Bad Behaviour Can Impact the Spousal Support You Receive
Written on behalf of Shariff & Associates
Following the breakdown of a relationship, one spouse may have an obligation to provide financial support to the other spouse when a relationship ends. In weighing entitlement to spousal support, the trend has been moving away from evaluating the parties’ behaviour, as fault has been minimized in consideration of support. However, exceptionally unconscionable conduct can still be relevant when deciding on a quantum of support a spouse should receive. Importantly, cases have not restricted the provision only to pre-separation conduct.
Conduct can be Considered in Setting Support
Section 33(10) of the Family Law Act (the “Act”) states that “the obligation to provide support for a spouse exists without regard to the conduct of either spouse, but the court may in determining the amount of support have regard to a course of conduct that is so unconscionable as to constitute an obvious and gross repudiation of the relationship.”
Generally, a spouse’s conduct is not relevant to the issue of spousal support, but as the Act makes clear, there is a narrow window in which it remains relevant.
In the 1978 decision of Morey v. Morey, Justice Nasmith noted that the obligation for support exists independent of spousal conduct, though courts retain some discretion to evaluate conduct, which could result in support being reduced. In that case, the judge determined that only exceptional conduct would be relevant. The Court proposed the following tes:
- The conduct must be exceptionally bad;
- The conduct must be such as could reasonably be expected to destroy the relationship;
- The conduct must have persisted in the face of innocence and virtual blamelessness on the part of the other spouse;
- The commission of a so-called matrimonial offence is not necessarily sufficient;
- The party raising the issue of relevant conduct should be prepared to undertake that there is a bona fide belief that the test can be satisfied while acknowledging the risks of punitive costs if the Court finds on the whole of the evidence that the issue is frivolous; and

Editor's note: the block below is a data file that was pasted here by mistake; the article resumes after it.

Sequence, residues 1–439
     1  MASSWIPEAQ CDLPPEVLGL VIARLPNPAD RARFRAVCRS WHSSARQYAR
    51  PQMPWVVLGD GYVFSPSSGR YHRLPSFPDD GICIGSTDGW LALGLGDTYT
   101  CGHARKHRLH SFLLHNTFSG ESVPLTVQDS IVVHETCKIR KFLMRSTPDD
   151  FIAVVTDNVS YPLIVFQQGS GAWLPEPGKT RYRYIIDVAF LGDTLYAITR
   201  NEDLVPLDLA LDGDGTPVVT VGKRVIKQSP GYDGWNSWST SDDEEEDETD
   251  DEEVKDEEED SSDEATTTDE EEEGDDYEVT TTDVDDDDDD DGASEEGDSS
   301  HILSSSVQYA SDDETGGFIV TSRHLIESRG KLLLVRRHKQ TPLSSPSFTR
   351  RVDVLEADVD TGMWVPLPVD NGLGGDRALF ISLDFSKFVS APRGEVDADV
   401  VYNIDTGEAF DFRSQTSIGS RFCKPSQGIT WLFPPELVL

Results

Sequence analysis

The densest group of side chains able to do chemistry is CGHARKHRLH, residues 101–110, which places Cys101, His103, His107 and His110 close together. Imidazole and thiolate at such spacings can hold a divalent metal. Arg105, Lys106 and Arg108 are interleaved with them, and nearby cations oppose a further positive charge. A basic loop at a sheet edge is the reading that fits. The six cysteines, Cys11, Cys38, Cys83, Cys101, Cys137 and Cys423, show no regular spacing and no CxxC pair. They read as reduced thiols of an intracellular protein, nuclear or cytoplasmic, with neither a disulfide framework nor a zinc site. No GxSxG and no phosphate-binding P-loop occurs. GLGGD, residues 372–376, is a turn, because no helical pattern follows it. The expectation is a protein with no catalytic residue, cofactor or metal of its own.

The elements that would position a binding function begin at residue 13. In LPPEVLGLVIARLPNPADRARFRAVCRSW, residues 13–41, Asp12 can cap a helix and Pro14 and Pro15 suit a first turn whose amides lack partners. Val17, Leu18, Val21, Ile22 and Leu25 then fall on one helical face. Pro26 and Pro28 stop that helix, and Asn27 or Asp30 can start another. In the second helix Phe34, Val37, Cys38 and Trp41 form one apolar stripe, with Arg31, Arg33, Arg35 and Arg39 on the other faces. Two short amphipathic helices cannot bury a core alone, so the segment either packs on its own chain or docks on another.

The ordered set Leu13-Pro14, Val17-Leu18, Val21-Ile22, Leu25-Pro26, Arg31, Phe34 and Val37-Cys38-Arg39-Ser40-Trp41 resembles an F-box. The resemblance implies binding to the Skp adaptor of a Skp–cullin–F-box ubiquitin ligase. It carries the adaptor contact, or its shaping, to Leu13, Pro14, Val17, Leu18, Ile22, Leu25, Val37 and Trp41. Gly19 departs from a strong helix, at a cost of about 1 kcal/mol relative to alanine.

- The pleadings should set out a summary of conduct that meets the test so the court can make a preliminary ruling.
Conduct Must be a Repudiation of the Relationship
The case of McConnell v. Finch dealt with an application for spousal support. The wife and respondent were 87 and 88 years old, respectively. In 2021, there was an interim order for the respondent to pay spousal support of $1,237 per month. However, the husband disagreed with the order and alleged that the wife was not entitled to support at all. He argued that in the alternative, if the wife was eligible for support, he claimed that the amount ordered was too much as it left the wife having more income than he did.
According to the husband, the relationship ended when he fell and broke his hip, requiring a hospital stay. He said that the wife did not allow him to return to the apartment and that he was “kicked out.” He also suggested that the wife misled third party caregivers by telling them that he had dementia and lacked capacity, and further, that the wife used a Power of Attorney to have him reside in a long-term care facility. The husband provided letters from his family physician that confirmed he was not in cognitive decline to support his claims. The respondent pointed to section 33(10) of the Act, suggesting the wife’s conduct was so unconscionable it constituted a gross repudiation of the relationship and should disentitle her from spousal support.